We look forward to seeing you again soon. A few points to note for your comfort and enjoyment: PHOTOGRAPHY is not allowed in the auditorium. LATECOMERS will only be admitted to the auditorium if there is a suitable break in the performance. RECORDING is not permitted in the auditorium without the prior consent of Southbank Centre. Southbank Centre reserves the right to confiscate video or sound equipment and hold it in safekeeping until the performance has ended. MOBILES, PAGERS AND WATCHES should be switched off before the performance begins.

next LPO concerts at royal festival hall Saturday 20 October 2012 | 7.30pm Mendelssohn Overture, Ruy Blas Schumann Cello Concerto Beethoven Symphony No. 7 Kurt Masur conductor Alban Gerhardt cello Wednesday 24 October 2012 | 7.30pm Mozart Violin Concerto No. 5 Bruckner Symphony No. 7 Stanisław Skrowaczewski conductor Hilary Hahn violin

Booking details London Philharmonic Orchestra Ticket Office 020 7840 4242 Monday to Friday 10.00am–5.00pm lpo.org.uk (no transaction fee) Southbank Centre Ticket Office (transaction fees apply) 0844 847 9920 Daily 9.00am–8.00pm southbankcentre.co.uk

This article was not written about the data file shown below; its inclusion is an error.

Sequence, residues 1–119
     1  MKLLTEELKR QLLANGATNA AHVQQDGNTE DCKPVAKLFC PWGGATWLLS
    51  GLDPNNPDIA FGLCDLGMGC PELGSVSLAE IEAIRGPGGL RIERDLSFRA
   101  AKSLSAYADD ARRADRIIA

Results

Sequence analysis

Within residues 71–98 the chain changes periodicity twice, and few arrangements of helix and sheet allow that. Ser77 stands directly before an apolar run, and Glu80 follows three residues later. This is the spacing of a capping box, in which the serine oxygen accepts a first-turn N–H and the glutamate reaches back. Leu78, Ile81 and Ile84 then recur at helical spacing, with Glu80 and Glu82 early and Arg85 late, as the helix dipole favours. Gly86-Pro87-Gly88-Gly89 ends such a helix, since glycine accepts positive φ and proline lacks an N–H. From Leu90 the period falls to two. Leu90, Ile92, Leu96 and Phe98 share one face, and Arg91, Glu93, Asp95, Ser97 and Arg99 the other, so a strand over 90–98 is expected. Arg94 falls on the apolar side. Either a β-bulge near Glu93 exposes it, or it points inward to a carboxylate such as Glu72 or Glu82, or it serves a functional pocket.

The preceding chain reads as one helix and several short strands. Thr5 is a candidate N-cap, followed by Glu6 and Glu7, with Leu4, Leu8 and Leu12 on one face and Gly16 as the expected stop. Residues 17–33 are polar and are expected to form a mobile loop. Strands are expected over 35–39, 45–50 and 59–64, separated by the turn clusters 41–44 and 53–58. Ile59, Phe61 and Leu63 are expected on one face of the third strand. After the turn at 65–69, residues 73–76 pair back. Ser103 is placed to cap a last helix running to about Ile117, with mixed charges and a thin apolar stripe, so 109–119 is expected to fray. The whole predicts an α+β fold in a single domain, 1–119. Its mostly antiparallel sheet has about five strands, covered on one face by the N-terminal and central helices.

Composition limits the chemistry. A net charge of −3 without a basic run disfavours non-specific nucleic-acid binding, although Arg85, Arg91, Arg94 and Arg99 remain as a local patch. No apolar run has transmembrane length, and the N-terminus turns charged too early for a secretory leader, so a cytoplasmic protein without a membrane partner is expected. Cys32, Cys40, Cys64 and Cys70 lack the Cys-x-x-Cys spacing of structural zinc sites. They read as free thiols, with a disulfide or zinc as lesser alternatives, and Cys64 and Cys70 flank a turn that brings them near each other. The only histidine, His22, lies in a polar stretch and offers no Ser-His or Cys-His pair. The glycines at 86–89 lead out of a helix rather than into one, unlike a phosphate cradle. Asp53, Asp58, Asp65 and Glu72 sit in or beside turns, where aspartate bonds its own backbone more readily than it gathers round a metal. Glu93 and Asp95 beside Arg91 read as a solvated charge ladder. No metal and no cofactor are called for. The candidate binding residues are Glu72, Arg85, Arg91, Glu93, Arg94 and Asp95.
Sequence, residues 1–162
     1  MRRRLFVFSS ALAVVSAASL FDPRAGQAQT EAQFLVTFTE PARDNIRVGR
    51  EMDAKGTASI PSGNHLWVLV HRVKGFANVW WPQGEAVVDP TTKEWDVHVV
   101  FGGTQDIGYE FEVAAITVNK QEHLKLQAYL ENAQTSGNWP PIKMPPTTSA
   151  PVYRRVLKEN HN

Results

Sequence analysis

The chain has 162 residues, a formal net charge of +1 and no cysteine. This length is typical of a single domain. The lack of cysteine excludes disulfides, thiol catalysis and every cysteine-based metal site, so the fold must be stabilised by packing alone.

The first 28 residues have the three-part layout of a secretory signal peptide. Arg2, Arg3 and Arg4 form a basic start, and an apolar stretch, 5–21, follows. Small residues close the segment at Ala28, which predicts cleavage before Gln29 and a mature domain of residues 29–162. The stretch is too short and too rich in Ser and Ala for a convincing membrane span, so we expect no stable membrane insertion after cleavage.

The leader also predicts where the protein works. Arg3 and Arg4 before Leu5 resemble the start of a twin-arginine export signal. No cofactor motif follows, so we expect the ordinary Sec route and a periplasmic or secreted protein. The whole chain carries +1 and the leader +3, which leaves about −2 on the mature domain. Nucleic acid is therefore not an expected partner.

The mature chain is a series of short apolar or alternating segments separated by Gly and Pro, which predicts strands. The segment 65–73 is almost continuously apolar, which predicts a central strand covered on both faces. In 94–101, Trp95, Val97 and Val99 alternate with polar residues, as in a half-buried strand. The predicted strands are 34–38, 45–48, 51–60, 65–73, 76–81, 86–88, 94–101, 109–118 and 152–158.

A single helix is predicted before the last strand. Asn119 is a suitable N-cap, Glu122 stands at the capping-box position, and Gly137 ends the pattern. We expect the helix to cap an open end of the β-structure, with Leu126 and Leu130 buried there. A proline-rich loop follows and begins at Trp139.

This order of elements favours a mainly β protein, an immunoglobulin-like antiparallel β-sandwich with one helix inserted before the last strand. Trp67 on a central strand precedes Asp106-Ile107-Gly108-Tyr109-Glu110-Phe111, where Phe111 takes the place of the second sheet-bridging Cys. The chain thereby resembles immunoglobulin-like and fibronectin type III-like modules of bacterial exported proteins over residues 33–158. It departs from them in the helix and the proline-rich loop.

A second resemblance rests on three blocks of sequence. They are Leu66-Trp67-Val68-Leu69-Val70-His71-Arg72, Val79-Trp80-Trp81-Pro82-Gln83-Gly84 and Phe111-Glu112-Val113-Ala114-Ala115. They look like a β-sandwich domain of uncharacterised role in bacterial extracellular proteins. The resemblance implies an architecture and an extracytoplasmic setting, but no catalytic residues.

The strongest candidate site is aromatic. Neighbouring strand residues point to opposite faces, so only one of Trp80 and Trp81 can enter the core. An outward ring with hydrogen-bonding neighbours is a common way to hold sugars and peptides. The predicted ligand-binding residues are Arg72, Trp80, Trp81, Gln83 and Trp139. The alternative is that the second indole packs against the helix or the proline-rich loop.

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Friday 26 October 2012 | 7.30pm JTI Friday Series Brahms Piano Concerto No. 1 Bruckner (arr. Skrowaczewski) Adagio from String Quintet in F Shostakovich Symphony No. 1 Stanisław Skrowaczewski conductor Garrick Ohlsson piano


LONDON PHILHARMONIC ORCHESTRA

The London Philharmonic Orchestra is one of the world’s finest orchestras, balancing a long and distinguished history with a reputation as one of the UK’s most adventurous and forward-looking orchestras. As well as giving classical concerts, the Orchestra also records film and video game soundtracks, has its own record label, and reaches thousands of Londoners every year through activities for schools and local communities. The Orchestra was founded by Sir Thomas Beecham in 1932, and since then its Principal Conductors have included Sir Adrian Boult, Bernard Haitink, Sir Georg Solti, Klaus Tennstedt and Kurt Masur. The current Principal Conductor is Vladimir Jurowski, appointed in 2007, and Yannick Nézet-Séguin is Principal Guest Conductor.